“Popular wood options to consider for interior shiplap or wood paneling in our desert environment include pine, poplar or even down to one-quarter (inch) plywood, depending on your budget,” Orlov said. “And, when primed correctly, these woods can absorb paint smoothly and effectively.”

Orlov notes that many people in Southern Nevada are enjoying shiplap-style walls in their bedrooms and family rooms. In lieu of paint or wallpaper, residents are turning to wood treatments to add style and depth to their interiors.

“One wood trend that I have seen in Nevada this year is to add wood treatments to a ceiling and keep the walls of the interior white and clean,” she said. “This actually can make a space appear larger as the lines provide a seamless and styled design moment.”

Another reason for shiplap’s popularity is that its upkeep and maintenance is simpler than many other design elements.

“Depending on what type of paint you use on it, it can be as simple as wiping it down with a sponge or cleaning rag,” said Roth, noting that he is wary of household cleaning supplies with strong chemicals, which might harm the wood.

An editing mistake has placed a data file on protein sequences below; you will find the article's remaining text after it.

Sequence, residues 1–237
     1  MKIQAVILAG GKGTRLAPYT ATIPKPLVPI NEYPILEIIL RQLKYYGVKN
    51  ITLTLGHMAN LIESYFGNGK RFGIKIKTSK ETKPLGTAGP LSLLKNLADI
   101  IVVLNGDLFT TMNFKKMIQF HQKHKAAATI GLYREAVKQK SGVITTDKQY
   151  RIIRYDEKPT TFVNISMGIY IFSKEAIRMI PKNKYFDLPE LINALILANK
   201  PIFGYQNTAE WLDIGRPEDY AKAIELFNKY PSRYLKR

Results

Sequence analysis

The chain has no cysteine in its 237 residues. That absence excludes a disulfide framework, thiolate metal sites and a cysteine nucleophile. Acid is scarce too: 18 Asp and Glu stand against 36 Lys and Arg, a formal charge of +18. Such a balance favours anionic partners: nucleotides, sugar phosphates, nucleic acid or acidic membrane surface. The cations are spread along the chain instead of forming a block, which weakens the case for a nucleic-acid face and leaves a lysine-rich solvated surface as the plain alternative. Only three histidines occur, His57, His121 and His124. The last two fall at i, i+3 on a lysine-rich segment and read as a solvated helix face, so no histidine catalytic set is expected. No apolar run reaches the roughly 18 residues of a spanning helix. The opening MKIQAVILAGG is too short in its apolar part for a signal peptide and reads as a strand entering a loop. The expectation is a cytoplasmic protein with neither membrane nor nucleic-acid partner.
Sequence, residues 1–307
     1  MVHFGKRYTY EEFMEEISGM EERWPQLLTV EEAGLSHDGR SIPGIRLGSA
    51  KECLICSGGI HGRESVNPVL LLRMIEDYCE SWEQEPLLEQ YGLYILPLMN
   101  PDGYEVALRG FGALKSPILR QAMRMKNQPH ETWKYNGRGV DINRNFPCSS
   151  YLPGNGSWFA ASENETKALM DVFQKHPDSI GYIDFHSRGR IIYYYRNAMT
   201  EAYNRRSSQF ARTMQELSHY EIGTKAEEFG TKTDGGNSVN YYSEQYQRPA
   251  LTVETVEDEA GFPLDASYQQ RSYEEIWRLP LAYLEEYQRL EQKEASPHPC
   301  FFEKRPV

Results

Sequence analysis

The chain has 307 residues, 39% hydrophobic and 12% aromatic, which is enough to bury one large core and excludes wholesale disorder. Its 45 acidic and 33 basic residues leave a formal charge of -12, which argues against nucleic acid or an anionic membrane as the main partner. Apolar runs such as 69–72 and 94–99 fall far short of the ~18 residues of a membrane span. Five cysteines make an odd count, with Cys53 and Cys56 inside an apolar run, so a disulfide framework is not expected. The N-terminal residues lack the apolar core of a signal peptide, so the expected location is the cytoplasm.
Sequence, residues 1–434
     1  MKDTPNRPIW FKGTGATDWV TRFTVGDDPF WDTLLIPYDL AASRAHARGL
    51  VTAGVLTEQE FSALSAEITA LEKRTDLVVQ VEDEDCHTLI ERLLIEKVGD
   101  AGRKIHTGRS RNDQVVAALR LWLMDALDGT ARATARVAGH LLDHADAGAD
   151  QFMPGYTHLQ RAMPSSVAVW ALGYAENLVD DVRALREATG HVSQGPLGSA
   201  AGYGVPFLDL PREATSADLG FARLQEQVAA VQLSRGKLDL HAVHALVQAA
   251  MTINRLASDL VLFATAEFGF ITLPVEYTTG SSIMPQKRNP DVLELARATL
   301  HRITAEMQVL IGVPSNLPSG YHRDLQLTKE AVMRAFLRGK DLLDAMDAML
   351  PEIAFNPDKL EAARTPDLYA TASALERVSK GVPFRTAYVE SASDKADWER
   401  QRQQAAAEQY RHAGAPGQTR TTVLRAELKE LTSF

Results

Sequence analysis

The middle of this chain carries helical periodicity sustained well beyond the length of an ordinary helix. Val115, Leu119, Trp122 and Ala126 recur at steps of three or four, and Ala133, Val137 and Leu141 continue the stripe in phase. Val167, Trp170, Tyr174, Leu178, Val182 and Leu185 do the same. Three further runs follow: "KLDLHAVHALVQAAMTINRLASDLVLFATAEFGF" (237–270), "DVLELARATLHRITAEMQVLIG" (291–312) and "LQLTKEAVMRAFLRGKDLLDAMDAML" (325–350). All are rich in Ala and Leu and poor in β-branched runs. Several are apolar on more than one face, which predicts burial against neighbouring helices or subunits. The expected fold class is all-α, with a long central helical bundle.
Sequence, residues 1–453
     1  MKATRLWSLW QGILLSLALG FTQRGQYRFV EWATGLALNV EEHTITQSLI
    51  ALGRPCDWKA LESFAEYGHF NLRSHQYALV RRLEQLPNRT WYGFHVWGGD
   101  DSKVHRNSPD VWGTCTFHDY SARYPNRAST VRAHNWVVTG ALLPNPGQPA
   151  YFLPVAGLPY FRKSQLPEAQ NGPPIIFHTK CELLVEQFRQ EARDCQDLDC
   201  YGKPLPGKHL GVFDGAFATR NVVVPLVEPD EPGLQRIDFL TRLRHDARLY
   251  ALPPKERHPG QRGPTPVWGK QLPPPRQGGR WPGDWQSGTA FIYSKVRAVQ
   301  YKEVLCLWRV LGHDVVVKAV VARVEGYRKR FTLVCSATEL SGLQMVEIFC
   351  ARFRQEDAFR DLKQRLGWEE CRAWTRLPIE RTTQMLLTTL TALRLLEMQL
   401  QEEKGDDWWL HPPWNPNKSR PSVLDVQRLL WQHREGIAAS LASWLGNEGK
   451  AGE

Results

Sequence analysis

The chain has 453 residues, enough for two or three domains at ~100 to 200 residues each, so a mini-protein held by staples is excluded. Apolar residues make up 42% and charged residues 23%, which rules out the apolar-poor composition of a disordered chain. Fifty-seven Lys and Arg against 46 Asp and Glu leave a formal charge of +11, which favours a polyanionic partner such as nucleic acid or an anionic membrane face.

Experts at Lowes advise the purchase and usage of square black masonry nails to get the look of antique cut nails if you are looking for a more accurately historical shiplap appearance. The Lowe’s website also mentions that construction adhesive can be used if you are installing shiplap (traditional or man-made) on ceilings or over other surfaces in good condition.

You just need to finish-nail in place to hold the pieces while the adhesive dries. Options depend on your skill level and style preference.

“I believe people are loving shiplap-style as wall treatment because it is so versatile. You can accentuate just a single architectural feature, like a ceiling, or add it to every wall in a room to unify the space,” Orlov said. “You can evolve your interior’s color palette by painting your wood a pretty white, gray, pewter or deep navy.”